From a legal standpoint, engaging in social business means you’re damned if you do, and damned if you don’t.

Social business is a rapidly emerging and expanding phenomenon, creating novel situations not foreseen by our current legal system. Should managers friend employees on Facebook or connect with them on LinkedIn? What are the legal implications of making these connections — or not? Such questions just begin to get at the legal complexities that can impact organizations and managers in an age of social media.

In many ways, social business puts managers in a “damned if you do, damned if you don’t” dilemma, but managers cannot afford to ignore the legal implications of social business. We outline some key legal considerations for managers.

Damned if you don’t.

Given the potentially dicey legal situations social media presents, many managers may be tempted simply to avoid social media entirely, in the hopes that doing so will limit their legal risk. Unfortunately, this is not the case. Managers can be held liable for ignoring information readily available on social media platforms.

One potential risk involves “negligent hiring.” An injured third party could sue a company for hiring a dysfunctional employee if that dysfunction was evident on social media platforms and would have been readily apparent through a cursory search. In fact, the easier it is to search, the greater the legal burden to do so. Although there is no case law on this issue yet, it is a real business risk.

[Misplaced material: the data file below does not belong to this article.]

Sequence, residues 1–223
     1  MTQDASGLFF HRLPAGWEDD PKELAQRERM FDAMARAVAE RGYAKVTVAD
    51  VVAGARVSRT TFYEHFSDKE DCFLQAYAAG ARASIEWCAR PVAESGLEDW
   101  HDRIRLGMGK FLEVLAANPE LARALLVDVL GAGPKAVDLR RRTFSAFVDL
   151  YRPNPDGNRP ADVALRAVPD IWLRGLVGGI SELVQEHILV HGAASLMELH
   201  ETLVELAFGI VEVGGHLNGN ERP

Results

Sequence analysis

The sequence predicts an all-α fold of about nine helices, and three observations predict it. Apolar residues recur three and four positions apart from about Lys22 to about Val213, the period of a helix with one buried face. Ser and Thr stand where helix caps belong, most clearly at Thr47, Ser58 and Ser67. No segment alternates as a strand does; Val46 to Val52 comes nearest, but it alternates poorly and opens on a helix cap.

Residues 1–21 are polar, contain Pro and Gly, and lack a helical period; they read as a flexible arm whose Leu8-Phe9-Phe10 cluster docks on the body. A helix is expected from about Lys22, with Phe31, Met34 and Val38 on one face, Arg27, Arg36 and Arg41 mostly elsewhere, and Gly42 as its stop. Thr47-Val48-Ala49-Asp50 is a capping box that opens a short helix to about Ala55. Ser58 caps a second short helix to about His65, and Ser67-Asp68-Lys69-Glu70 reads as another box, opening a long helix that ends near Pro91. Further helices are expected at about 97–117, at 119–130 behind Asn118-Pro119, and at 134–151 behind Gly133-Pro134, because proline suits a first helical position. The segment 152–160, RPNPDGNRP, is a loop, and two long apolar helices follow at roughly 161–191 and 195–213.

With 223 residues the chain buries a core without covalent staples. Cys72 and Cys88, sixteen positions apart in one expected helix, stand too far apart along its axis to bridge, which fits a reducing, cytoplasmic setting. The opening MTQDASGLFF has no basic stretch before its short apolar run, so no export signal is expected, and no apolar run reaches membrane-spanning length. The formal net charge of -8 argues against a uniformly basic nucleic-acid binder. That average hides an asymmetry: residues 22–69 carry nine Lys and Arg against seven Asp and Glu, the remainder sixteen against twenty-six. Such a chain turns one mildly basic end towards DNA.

Another potential risk is ignoring illegal employee online activity during work hours or on work computers. In Doe v XYC Corp. (2005), the courts ruled that the company could be held liable for being unaware of (and therefore not notifying authorities about) an employee’s illegal activity given the opportunity — even though their policies indicated they would not monitor employee’s online activity.

Ignoring what happens in social media is not a viable legal strategy.

Managers also must remain cognizant of employees’ online activity, even when it happens outside of work hours and work computers. The Philadelphia Police Department was sued for creating a racially hostile work environment through social media. A blog started by a white police sergeant and dedicated to law enforcement issues deteriorated into posts about questionable law enforcement practices such as racial profiling. These issues, discussed by employees online and at work, became racially derogatory; as a result, a complaint was filed on the basis that the blog created a hostile work environment for nonwhite officers. The department chose to settle the case out of court.

The key takeaway here is that ignoring what happens in social media is not a viable legal strategy. Companies can be found liable if there is a reasonable expectation that the manager should have known what was happening online.

Damned if you do.

Before managers jump headfirst into social media, however, there are also legal issues associated with overreaching for information on social media.